Meanwhile the world
heedless of human concerns
springs again to life
Indian Paintbrush blooming alongside a Brazoria County Road
Sunday, February 7
Other Texas dandelions surely are blooming, but this is the first I’ve seen this season. Also known as Carolina desert-chicory or smallflower desert-chicory (Pyrrhopappus carolinianus), this European dandelion look-alike generally blooms from February through June, but at least this eager flower was willing to give January a try; I found it along the road leading into the Brazoria Wildlife Refuge only a few days ago, on January 24th.
Walt Whitman would have seen the European dandelion rather than our Texas version, but he seems to have enjoyed the sight. In 1888, the New York Herald ran this short poem written by him:
The First Dandelion
Simple and fresh and fair from winter’s close
As if no artifice of fashion, business, politics,
had ever been,
Forth from its sunny nook of shelter’d grass,
innocent, golden, calm as the dawn,
The spring’s first dandelion shows its trustful
Unfortunately, Whitman’s paean to the coming spring ran on March 12, 1888, the worst day of the Blizzard of 1888, a day when several feet of snow and unceasing winds were making the American northeast a very unpleasant place. As the journal Illustrated American reported in 1892, somewhat primly, the poem “made its appearance at a most unfortunate time.” No one wanted to read about dandelions of any sort on that day.
Parody was inevitable. One of the first examples appeared in the Herald two days after Whitman’s poem was published, signed simply, “After Walt Whitman.”
The First Blizzard
Simple and fresh and fierce, from Winter’s close
As if no artifice of summer, business, politics
had ever been,
Forth from its snowy nook of shivering glaciers–
innocent, silver, pale as the dawn,
The Spring’s first blizzard shows its wryful
Eventually, “The First Dandelion” appeared in the ‘deathbed’ edition of Whitman’s Leaves of Grass: a poem as delicate and sweet as the flower it celebrates.
Few first-time visitors to Galveston realize the cemetery they pass on their way to the beach is a collection of seven cemeteries. Built over the span of nearly two centuries, four are city-owned, and three are private; known collectively as the Broadway Cemeteries, they’re rich in history, and a magnet for photographers and artists during the spring wildflower bloom.
Only some of the cemeteries allow flowers to flourish, but where they do, Coreopsis tinctoria runs rampant, mixing primarily with firewheel (Gaillardia pulchella) and lazy daisy (Aphanostephus skirrhobasis).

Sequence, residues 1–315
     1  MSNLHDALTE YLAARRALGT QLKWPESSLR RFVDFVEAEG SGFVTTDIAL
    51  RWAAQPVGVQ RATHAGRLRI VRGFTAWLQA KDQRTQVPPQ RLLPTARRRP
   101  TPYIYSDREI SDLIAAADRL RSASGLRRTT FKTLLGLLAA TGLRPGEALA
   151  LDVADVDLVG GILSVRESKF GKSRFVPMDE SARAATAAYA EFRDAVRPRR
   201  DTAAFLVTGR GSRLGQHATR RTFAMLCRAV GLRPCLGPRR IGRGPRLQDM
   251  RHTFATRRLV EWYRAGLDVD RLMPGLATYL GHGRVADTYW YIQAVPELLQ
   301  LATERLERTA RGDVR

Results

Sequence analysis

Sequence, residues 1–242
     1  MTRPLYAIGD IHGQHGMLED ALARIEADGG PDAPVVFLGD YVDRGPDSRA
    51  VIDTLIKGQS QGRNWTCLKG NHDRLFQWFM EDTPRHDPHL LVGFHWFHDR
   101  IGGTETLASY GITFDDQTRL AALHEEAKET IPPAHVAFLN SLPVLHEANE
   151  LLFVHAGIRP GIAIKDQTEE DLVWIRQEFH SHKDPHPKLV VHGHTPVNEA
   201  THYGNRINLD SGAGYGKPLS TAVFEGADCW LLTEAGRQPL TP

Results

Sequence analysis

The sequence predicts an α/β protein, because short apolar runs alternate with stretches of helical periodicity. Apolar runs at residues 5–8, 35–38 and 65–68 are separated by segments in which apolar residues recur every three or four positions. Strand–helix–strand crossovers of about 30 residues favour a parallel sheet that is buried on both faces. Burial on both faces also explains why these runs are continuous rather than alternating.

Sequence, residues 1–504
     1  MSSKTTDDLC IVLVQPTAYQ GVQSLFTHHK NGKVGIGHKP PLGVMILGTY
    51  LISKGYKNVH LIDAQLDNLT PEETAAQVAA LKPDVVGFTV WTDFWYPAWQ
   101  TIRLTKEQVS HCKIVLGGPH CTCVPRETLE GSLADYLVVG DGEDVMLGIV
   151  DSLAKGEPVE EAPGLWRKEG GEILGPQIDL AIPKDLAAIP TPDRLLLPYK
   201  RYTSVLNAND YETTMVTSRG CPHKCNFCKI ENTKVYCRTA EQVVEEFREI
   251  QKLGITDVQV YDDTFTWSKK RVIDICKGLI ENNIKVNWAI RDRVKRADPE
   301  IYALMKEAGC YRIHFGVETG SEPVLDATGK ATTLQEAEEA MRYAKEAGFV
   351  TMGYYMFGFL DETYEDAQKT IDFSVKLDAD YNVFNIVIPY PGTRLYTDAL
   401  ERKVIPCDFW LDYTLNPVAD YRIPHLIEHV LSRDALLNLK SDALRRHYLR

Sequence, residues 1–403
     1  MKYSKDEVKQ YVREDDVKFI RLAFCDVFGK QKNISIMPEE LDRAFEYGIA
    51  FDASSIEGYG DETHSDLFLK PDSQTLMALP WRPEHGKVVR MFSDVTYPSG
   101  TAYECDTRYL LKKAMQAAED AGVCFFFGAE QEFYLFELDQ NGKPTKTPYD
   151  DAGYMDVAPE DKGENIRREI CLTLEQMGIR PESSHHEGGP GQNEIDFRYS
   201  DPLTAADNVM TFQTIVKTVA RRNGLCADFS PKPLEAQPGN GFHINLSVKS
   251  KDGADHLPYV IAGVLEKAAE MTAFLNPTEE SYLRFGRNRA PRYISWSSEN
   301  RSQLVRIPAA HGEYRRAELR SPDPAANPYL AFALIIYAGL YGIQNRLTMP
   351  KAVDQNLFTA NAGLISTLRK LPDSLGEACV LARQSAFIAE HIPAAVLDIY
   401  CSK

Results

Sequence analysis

Given the cemeteries’ location, it can be hard to photograph the flowers without including the surrounding homes, tire shops, fast food restaurants, and skateboarding teenagers, but every year I enjoy giving it a try.
One of my favorite images from this spring made use of elevation differences between the sidewalks and the burial plots to allow framing the Coreopsis against the sky.
On a cloudy, gray day, the contrast between the flowers and some of the older graves pleased me.
Visible graves at some of the cemeteries represent only the most recent layer of burials. Stones occasionally were lost during three grade raisings, so plots were resold and new graves placed above the old. Occasionally, only the top of a gravestone is visible, while the rest of the structure remains buried.
Unfortunately, vandalism isn’t unknown. In November of last year, many historic stones were broken and otherwise damaged. The perpetrator was caught, and some markers have been repaired, but many history lovers still grieve the losses. Here, a stone knocked from its base leans against a tree.
In some cases, nature seems to be consoling the broken markers.
While my favorite angels weren’t significantly damaged, they now stand closer to one another.
Unwilling to close the cemeteries to the public, the city did install new fencing and lighting. There are rumors that concerned citizens occasionally patrol the property as unofficial guards.
A different and more pleasant kind of history abounds in the cemeteries. Here, the Willis family mausoleum in the Episcopal cemetery remains stately and attractive. Peter James Willis, born in Maryland in 1815, moved to Texas and established a dry goods store at Washington-on-the-Brazos; eventually, P. J. Willis and Brother became one of the largest mercantile establishments west of the Mississippi.
A daughter, Magnolia, married George Sealy, one of her father’s business associates, on May 12, 1875; Galveston’s John Sealy Hospital is perhaps the best-known reminder of the family’s influence.
Their luxurious home, Open Gates, became a center of Galveston business and social life. Magnolia engaged the New York architectural firm of McKim, Mead, and White to build the mansion, thought to be the only building in the South designed by Stanford White, and the home’s elaborate carriage house was designed by preeminent Galveston architect Nicholas Clayton.
Galveston’s ethnic heritage is rich and complex. Italians, Germans, English, Swedish, and Dutch share space in the cemeteries. Here, a reminder of the Celtic tradition stands tall.
As for the pace of life in a cemetery, it might best be represented by the snails I discovered on several graves. I’d not noticed them in the past, but when I read that snails will climb rocks to obtain minerals needed for shell-building, their presence on stone markers made perfect sense.
Beyond that, it occured to me: even when life moves slowly, it’s still life.